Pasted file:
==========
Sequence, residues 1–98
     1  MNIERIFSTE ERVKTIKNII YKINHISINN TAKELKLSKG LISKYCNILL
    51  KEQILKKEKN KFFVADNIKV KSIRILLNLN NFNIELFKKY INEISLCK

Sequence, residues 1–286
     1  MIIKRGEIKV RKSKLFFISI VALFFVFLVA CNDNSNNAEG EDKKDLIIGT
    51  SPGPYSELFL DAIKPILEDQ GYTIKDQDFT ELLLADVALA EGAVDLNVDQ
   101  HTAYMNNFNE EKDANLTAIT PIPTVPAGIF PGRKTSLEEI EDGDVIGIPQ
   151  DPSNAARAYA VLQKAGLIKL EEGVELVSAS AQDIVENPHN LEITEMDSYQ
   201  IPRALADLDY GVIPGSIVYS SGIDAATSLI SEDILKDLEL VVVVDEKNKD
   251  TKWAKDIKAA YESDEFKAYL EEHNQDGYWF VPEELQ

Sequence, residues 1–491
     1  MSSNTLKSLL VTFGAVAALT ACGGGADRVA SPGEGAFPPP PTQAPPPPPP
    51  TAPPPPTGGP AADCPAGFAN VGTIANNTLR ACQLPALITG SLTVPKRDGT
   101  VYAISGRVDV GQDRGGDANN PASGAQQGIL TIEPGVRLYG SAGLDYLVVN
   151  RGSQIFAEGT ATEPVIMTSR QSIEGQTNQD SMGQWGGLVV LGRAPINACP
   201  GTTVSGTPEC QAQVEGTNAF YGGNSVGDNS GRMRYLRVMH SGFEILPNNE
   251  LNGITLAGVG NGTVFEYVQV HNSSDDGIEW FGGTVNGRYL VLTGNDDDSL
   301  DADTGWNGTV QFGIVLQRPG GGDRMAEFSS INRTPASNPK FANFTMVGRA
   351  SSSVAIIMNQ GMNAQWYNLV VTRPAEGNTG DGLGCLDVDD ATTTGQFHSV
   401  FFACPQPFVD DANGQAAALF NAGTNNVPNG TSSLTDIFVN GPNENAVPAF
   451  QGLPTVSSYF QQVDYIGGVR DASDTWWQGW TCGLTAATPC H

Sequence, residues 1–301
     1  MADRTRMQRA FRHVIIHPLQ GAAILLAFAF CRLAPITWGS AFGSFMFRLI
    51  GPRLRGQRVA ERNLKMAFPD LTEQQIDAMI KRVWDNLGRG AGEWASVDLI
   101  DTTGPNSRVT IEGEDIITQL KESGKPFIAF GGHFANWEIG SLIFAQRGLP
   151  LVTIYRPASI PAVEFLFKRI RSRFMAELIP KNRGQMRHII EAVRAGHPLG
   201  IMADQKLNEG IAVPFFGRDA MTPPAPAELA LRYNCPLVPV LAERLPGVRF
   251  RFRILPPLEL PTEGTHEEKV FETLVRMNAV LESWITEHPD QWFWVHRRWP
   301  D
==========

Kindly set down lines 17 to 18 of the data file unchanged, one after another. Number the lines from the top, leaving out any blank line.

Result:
   251  LNGITLAGVG NGTVFEYVQV HNSSDDGIEW FGGTVNGRYL VLTGNDDDSL
   301  DADTGWNGTV QFGIVLQRPG GGDRMAEFSS INRTPASNPK FANFTMVGRA